• @Tom That is not something I just made up in my mind, it is something that the reactions from other users are continuously telling me subconsciously. Just like I am not putting important information "hidden in comments that are rarely read by everyone" to hide them, but I am doing so because literally the entire conversation regarding my question happened in those comments. When I am trying to directly respond to a comment then my logical sense tells me to do so with a comment, and not by editing the question. – Chris Oct 25 '19 at 9:47
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    I didn't see any unwelcoming comments on your post, you say task scheduler can't be used here but you don't include that anywhere in your question – Sayse Oct 25 '19 at 9:59
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    Could I therefore please get some feedback on my idea? Is it good? Can it still be improved? Seems to very much fall into the subjective category as described in the What types of questions should I avoid asking? help page. I'd also say that the fact the the comment section on that question has descend into a Q&A between you and a couple of users points at the question not being well defined. A good questions shouldn't need lots and back and forth to clarify – Liam Oct 25 '19 at 10:07
  • @Sayse Yes, because I simply forgot since I had no idea that people would recommend using it when I asked the question. – Chris Oct 25 '19 at 10:16
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    @Chris - Sure but then it might be worth editing that into your question when it becomes a common suggestion – Sayse Oct 25 '19 at 10:18
  • @Chris people tend to recommend the simplest solutions, because that's how you build reliable systems. A lot of people succumb to the XY Problem and it's tedious to help a person wanting A, when he really needs B (without knowing it). The site works quite differently depending on your experience, with newcomers often hoping that they get an instant magic solution to whatever their question is. It's hard to help someone when they get angry at the help you give for free. – Kayaman Oct 25 '19 at 12:40
  • @Kayaman The problem with that is that the "simplest solution" is not always the same for everyone. When I have a 99% finished project where just one small feature is missing, it is certainly not the "simplest solution" to throw the entire project away and build something else based on a different technology, just because that would have been the simplest solution in case you were starting from scratch. That is usually the problem I run into when asking a question about something I'm working on and the answer I'm getting is that I should throw all of my work away and use technology xy instead. – Chris Oct 25 '19 at 12:46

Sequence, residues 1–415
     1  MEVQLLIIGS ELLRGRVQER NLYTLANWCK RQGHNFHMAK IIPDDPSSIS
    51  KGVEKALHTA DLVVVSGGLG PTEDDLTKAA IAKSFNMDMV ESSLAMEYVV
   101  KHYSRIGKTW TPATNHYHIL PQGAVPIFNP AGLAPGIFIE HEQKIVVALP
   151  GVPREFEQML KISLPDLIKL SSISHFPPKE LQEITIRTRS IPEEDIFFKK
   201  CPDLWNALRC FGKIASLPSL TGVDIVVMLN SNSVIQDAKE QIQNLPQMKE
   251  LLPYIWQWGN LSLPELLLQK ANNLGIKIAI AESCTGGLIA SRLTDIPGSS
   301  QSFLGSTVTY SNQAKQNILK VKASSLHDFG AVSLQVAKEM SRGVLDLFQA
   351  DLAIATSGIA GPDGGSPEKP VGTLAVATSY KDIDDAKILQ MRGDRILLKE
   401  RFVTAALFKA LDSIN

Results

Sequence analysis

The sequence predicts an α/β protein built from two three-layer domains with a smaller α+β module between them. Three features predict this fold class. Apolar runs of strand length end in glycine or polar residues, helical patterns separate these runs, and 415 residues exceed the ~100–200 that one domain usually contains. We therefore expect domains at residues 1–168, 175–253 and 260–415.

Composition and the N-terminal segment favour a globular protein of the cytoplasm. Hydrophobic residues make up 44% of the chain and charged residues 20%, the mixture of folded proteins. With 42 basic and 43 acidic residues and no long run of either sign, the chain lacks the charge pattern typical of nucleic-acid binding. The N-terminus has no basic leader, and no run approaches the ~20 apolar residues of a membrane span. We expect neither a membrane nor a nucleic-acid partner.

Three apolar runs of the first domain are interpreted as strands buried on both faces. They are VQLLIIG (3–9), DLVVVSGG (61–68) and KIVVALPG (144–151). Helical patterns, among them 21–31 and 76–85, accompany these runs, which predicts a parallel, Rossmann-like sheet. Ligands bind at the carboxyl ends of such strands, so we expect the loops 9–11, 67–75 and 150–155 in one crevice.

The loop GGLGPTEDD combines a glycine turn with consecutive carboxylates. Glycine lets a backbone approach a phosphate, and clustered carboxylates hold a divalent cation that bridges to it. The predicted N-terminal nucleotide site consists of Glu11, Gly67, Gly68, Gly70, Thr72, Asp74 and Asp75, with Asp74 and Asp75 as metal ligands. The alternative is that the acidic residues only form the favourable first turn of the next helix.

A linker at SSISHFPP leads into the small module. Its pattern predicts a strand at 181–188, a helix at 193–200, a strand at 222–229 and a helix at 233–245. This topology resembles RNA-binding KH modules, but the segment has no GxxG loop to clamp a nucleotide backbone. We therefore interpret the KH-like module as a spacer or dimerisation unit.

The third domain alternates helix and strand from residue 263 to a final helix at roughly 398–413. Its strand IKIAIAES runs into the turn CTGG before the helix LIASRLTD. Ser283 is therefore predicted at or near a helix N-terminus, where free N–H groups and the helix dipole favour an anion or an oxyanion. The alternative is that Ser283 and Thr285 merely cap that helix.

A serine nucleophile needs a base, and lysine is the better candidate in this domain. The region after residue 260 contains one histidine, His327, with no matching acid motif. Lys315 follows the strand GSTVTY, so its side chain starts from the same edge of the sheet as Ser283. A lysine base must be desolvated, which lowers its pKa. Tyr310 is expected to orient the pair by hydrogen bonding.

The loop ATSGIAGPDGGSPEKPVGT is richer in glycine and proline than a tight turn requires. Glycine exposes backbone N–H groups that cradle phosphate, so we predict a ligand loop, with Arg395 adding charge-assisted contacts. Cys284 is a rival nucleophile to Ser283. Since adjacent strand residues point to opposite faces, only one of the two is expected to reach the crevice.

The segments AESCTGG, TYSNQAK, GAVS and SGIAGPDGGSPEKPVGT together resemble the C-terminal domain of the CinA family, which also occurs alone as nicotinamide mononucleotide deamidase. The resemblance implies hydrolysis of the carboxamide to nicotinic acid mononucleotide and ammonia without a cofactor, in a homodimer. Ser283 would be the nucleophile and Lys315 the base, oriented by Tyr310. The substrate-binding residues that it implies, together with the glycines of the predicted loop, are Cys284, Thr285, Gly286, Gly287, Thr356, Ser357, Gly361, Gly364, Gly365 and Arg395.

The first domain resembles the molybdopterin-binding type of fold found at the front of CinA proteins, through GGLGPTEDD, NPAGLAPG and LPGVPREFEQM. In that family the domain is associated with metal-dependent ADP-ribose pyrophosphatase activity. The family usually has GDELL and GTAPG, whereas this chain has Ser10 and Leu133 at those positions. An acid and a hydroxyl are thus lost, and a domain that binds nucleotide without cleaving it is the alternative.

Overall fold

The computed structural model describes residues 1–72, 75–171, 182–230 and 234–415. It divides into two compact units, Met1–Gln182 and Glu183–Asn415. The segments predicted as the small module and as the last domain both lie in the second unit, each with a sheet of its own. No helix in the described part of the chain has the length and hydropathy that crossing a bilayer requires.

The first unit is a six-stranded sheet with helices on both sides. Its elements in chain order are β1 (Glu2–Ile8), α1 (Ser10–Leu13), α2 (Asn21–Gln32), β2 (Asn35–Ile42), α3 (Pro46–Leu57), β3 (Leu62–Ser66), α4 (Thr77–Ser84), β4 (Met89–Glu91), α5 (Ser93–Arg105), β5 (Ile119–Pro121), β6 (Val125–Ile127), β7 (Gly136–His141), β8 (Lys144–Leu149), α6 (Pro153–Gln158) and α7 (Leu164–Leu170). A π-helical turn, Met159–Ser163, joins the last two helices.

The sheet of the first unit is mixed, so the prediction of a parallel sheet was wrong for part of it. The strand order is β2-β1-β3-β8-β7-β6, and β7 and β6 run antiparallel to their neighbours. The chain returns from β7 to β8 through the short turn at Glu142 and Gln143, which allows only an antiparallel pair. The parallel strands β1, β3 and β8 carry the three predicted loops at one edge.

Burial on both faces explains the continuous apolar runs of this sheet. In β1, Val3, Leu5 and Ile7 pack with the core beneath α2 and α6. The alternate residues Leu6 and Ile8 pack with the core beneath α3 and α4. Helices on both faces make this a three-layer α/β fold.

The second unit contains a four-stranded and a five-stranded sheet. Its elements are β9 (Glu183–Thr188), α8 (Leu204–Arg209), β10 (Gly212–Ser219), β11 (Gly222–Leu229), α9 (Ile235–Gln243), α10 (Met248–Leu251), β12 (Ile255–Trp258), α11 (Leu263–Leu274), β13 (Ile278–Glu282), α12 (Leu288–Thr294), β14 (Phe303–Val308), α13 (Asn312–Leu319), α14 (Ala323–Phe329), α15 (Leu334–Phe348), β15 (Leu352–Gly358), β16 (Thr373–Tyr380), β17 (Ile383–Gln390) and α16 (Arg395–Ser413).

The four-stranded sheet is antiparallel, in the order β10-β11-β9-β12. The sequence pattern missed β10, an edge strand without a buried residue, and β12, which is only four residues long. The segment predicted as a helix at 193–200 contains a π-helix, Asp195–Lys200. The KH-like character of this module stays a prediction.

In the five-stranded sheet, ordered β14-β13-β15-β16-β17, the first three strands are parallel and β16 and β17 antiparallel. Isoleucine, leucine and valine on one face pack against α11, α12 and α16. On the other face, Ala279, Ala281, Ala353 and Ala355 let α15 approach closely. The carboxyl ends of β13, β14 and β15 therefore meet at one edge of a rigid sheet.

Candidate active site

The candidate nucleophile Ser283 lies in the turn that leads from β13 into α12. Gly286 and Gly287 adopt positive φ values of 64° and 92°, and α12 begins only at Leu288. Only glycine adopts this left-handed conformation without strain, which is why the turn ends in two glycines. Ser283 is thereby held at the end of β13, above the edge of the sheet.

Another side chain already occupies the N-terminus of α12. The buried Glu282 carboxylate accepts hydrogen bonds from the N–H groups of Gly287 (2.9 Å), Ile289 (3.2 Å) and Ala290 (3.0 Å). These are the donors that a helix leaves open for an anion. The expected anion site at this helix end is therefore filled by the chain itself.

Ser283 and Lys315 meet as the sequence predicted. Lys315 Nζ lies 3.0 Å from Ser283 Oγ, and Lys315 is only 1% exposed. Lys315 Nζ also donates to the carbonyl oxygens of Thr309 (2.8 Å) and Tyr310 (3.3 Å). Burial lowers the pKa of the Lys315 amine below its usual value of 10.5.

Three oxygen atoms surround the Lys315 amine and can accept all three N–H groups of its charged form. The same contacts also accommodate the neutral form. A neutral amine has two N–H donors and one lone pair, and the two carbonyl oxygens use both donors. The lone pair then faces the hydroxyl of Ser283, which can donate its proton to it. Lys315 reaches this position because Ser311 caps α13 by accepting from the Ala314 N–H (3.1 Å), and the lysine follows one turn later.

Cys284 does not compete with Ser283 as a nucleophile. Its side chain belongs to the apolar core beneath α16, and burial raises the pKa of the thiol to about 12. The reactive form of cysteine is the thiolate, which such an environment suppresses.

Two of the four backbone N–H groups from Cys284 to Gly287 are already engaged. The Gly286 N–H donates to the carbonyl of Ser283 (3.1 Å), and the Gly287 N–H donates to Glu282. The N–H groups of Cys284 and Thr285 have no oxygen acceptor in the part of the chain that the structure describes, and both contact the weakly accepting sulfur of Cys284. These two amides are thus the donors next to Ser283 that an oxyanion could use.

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    @Chris and that's where your expectations and the answers failed to meet. But in your original question you didn't mention that you can't use it, and therefore got the "default handling". You're basically expecting that our answers should be better than your question, whereas our answers can only be as good as your question is. It's not a new problem, and I think the question wizard attempted to deal with it, but I don't think it was a roaring success. – Kayaman Oct 25 '19 at 12:50
  • @Kayaman Yeah, but I added that information as soon as I saw what type of answers I was getting, yet people kept suggesting me the answer that I couldn't use all over again. – Chris Oct 25 '19 at 12:53
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    @Chris yes, it'll still happen. But if your question had that information from the getgo (or gets it added), then you can at least explain why these answers that still point to the task scheduler can't help you. But you also have to remember that Stack is for the next visitor as much as it is for you. So making sure the next visitor knows that, the right solution is the scheduler, but that in case you can't use it, your question can help, is important – Patrice Oct 25 '19 at 13:32
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Beyond the specifics for your question, you ask:

I have already created a possible solution but I am not sure if my solution is considered "good practice" or if there are any edge cases when my code will not work the way it should

Could I therefore please get some feedback on my idea? Is it good? Can it still be improved?

These questions are not a good fit for this kind of site. They are too broad and opinionated. "Best practice" questions are almost always primarily opinion based, and tend to be closed as such.